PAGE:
“I was a fraud in a field of language, which is to say, I was a writer.” Ocean Vuong on immigrating into English and the first poem he ever wrote.
“A coroner’s pronouncement of suicide (felo da se) resulted in forfeiture of the deceased’s goods and property to the state, often leaving any surviving relatives destitute. So the increasingly common verdict of temporary insanity (non compos mentis) may suggest a change in how people understood the act of self-destruction: no longer construed as a demonic temptation, it came instead to be viewed as a symptom of lunacy.” On the prevalence of suicide in eighteenth-century English literature.
Amazon has given its entire front page over to a “letter” from CEO Jeff Bezos touting Dan Brown’s forthcoming gnostic thriller The Lost Symbol. It’s a mix of hyperbole and “thrilling” intrigue. My favorite excerpts: “This is one of the most anticipated publishing events of all time.” “The book remains so deeply under wraps that we’ve agreed to keep our stockpile under 24-hour guard in its own chain-link enclosure, with two locks requiring two separate people for entry.” Bezos goes on to promise that Amazon will deliver Kindle owners the book “wirelessly while [they] sleep.”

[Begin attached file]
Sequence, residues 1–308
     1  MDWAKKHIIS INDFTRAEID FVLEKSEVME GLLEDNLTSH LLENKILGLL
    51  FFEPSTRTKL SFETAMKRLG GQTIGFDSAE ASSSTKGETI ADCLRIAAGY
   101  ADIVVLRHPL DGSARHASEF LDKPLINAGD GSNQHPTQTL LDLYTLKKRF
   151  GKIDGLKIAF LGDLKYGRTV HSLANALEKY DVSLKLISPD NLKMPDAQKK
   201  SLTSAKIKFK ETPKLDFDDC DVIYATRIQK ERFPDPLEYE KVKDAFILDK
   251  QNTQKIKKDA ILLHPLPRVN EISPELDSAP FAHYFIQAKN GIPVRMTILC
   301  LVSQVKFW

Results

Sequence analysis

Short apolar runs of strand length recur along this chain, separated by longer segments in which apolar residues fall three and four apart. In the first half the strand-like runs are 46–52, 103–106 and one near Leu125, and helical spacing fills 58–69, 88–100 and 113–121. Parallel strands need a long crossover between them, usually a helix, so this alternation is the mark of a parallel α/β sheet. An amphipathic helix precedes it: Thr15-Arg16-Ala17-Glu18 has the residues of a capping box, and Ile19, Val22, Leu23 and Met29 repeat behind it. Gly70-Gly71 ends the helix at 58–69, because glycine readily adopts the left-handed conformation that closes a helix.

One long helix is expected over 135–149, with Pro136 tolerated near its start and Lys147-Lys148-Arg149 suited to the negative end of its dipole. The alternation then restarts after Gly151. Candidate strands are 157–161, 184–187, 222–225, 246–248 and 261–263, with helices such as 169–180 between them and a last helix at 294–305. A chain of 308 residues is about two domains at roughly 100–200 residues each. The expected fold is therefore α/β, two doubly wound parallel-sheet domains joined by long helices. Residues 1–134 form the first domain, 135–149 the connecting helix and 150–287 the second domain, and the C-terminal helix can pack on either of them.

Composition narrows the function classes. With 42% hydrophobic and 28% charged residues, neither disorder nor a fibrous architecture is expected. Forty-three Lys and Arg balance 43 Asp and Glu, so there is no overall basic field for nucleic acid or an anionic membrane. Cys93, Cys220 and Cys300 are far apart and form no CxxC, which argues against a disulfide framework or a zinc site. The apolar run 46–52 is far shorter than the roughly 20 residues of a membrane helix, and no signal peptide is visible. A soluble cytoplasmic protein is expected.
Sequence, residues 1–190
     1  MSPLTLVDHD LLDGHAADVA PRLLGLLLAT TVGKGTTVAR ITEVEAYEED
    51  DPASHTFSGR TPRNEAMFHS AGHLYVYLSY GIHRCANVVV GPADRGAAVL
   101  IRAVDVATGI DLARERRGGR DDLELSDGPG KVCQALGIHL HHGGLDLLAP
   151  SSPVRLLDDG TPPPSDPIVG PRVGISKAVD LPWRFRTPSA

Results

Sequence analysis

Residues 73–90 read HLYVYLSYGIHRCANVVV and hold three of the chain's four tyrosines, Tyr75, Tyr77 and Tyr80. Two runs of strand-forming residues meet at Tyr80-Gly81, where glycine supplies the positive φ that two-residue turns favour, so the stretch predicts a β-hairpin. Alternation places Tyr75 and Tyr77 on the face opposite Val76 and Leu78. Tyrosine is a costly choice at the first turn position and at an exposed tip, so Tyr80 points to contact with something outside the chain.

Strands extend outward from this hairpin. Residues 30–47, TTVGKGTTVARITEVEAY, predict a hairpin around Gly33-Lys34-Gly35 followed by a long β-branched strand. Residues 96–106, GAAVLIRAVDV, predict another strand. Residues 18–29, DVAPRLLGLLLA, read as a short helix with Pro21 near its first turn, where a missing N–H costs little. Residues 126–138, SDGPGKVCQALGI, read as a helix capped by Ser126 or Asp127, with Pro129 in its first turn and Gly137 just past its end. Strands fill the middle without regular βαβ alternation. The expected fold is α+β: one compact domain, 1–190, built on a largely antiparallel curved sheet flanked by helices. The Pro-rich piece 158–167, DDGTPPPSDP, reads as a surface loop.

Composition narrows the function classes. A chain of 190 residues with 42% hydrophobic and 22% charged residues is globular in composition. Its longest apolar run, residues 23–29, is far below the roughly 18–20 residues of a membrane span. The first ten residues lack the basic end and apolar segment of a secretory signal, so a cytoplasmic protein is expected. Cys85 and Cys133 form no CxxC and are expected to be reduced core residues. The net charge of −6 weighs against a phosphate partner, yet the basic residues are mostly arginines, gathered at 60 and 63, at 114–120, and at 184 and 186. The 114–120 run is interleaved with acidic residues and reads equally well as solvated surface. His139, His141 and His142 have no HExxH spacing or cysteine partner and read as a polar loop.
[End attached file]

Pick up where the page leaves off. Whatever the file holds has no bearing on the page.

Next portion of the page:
Rejection is something all writers face and no one’s pretending it’s pleasant, but worse than the rejection itself are the hours spent deciphering where a submission went wrong. Thankfully Lincoln Michel at Electric Literature was inspired by a 1920s rejection slip to create a self-explanatory “thanks but no thanks” note. While we’re thankful these aren’t the norm, we can definitely see the appeal…
Chemikal Underground, the Glasgow label that first launched Mogwai and Arab Strap, steps into the literary realm with its first audio collection of stories, The Year of Open Doors. You can listen to an excerpt–Arab Strap’s own Aidan Moffat reads his story “The Donaldson Boy.”